Next Generation for Development

Next Generation – Collaboration for Development  was a joint three-year program of Cooperation Canada, formerly the Canadian Council for International Cooperation (CCIC), and the Canadian Association for the Study of International Development (CASID) between 2017 and 2019. 

 Funded by the International Development Research Centre, Next Generation aimed to position Canada as a leader in innovative, multi-stakeholder international development and humanitarian research, practice, and policy development. The program’s overarching goal was to encourage better collaborations between civil society and academia and strengthen the Canadian ecosystem of research and knowledge sharing. The ability to do development work and deliver humanitarian assistance rests largely on the ability of different actors to work together, and exchange knowledge and expertise: when practitioners and scholars come together there is a co-production of knowledge that leads to research that is timely, relevant, and based on evidence, which feeds into programming and policy 

To achieve its goal, the program supported a series of partnerships between academics and practitioners, using a range of different models of collaboration – communities of practice, working groups, annual conferences, leaders’ forums, outreach events, speakers’ tours, and others – to stimulate new thinking and generate timely and policy-relevant joint research. The program tested and refined these models of practitioner-academic collaboration, generating processes, products and relationships that Cooperation Canada and CASID both hope will outlast the program’s closureThe program also supported the creation of a database of Canadian academics and practitioners contributing research on issues related to international cooperation.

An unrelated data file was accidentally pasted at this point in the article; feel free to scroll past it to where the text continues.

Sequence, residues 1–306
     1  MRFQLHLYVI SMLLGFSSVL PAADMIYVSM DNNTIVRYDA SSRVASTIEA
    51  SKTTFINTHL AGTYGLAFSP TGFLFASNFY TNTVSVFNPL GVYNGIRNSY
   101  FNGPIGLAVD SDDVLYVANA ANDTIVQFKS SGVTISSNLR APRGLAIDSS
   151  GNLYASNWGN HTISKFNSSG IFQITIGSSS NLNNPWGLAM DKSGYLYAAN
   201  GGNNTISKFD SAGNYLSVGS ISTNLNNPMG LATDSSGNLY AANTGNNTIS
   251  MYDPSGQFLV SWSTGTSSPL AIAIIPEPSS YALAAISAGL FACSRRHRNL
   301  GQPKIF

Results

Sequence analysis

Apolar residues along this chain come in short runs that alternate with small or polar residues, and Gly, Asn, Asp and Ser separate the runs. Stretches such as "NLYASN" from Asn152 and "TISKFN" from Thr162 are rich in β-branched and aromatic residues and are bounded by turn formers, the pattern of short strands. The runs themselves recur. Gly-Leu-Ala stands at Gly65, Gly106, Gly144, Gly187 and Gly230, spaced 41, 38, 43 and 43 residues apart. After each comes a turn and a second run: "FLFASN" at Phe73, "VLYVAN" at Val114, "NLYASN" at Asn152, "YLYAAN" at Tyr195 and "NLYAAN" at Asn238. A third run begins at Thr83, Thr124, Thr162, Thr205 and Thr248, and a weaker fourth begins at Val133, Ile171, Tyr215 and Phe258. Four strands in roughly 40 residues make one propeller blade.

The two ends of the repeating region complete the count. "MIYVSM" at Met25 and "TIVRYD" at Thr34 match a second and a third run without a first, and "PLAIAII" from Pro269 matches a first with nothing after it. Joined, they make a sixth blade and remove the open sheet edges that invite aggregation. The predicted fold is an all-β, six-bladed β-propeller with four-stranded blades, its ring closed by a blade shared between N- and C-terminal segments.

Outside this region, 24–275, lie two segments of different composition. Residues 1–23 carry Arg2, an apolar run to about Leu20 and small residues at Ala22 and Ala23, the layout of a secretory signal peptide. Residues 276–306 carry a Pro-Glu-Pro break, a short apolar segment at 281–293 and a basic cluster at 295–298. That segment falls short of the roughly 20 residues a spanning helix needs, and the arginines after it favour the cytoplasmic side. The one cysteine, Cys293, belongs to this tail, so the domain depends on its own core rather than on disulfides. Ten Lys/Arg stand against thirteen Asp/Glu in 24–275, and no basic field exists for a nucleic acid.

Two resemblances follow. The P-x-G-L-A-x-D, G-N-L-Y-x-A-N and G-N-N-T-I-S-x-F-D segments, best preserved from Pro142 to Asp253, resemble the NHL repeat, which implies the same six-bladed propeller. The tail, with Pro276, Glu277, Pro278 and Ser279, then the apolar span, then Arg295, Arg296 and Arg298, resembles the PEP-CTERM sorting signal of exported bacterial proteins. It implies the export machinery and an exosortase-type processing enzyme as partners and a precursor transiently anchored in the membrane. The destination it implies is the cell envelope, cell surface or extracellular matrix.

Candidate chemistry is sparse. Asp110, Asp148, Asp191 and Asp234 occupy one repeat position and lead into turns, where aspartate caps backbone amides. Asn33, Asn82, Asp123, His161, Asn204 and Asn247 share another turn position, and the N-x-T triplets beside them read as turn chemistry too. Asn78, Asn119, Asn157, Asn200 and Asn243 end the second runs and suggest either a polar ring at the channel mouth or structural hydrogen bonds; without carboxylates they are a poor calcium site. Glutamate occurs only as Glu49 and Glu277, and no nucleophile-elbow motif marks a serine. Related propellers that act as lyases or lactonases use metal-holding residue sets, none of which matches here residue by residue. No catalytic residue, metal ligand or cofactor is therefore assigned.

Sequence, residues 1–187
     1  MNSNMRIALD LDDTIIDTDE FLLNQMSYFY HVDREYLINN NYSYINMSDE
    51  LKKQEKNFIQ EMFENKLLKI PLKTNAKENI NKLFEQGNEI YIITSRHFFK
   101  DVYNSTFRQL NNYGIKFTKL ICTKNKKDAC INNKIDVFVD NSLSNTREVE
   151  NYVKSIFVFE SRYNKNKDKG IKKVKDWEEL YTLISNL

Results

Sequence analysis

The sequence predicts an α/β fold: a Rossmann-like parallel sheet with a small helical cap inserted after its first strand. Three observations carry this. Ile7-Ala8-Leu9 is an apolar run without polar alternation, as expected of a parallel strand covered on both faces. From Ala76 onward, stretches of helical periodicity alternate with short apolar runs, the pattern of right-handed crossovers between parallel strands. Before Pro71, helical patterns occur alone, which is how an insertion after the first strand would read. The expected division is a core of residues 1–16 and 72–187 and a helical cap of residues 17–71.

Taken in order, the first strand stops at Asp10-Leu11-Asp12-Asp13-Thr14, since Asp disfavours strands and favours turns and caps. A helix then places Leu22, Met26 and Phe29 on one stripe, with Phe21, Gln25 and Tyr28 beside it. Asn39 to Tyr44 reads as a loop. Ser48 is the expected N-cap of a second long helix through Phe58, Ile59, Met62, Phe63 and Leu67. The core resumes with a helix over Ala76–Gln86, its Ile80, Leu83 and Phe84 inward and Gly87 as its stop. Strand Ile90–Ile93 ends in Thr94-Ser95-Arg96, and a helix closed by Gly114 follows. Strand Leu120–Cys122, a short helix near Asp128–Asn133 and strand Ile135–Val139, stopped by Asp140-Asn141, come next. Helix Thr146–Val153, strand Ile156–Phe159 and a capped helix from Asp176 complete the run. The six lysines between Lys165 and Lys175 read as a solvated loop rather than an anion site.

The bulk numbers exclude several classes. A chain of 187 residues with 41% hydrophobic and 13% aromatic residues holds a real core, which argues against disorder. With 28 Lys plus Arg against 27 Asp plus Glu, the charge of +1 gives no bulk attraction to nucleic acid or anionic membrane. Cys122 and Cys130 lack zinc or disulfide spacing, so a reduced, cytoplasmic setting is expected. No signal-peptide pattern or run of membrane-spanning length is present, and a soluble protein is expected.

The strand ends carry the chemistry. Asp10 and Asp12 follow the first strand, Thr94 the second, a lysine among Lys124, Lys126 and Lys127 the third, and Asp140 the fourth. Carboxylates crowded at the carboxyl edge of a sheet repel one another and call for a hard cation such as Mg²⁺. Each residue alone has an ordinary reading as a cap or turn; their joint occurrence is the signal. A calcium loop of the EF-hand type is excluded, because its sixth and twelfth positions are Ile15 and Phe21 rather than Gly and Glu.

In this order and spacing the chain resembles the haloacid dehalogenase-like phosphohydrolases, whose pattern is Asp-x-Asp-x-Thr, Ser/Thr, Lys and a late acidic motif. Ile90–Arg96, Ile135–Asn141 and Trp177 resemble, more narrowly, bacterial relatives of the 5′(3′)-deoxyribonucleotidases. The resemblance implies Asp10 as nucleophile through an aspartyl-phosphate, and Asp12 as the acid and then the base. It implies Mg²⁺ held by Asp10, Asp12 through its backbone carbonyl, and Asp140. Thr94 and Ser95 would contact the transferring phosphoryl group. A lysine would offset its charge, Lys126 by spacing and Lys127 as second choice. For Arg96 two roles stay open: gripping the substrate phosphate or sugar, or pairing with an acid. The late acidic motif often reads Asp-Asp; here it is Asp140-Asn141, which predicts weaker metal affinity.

The NextGen Database 

Over the course of the program, NextGen teamed up with the Sustainable Development Solutions Network Canada to link research in Canada to relevant Sustainable Development Goals (SDGs). NextGen updated its database by mapping areas of research to the SDGs to identify how researchers in Canada contribute to the implementation and understanding of the SDGs. Given the universality of Agenda 2030, the NextGen Database expanded its mandate to include researchers beyond the international development and humanitarian fields. It now includes researchers working on domestic issues related to SDGs, which helped increase its number of profiles by 35%. 

Overall, to facilitate collaborations, there was a need to establish a better sense of who the different groups and individuals in this ecosystem are – both within and beyond CCIC-CASID respective memberships. The Next Generation Database assisted in mapping out groups, but also enabled the formation of a community of fruitful collaborations that leave no one behind.



Resources and Publications 

Three Things to Know about Partnerships for Development

Three Things to Know about Partnerships for Development

One crucial form of partnership is collaboration between development practitioners and academics.
A recent report resulted in three key findings that are instructive for how governments, CSOs, and academic institutions can enhance partnerships in the years to come.

Together for Development: Collaborative Partnerships between North American Academics and Civil Society Organizations Working in Global Development.

Together for Development: Collaborative Partnerships between North American Academics and Civil Society Organizations Working in Global Development.

The North-American Observatorio project focuses on global commitments under Sustainable Development Goal 17. The present report builds on previous efforts under the Next Generation initiative to identify and compile the knowledge on collaborative partnerships in the Canadian context, asking whether similar trends can be seen across North America and whether differences between the institutional environments in Canada and the US affect the frequency and effectiveness of collaborative partnerships.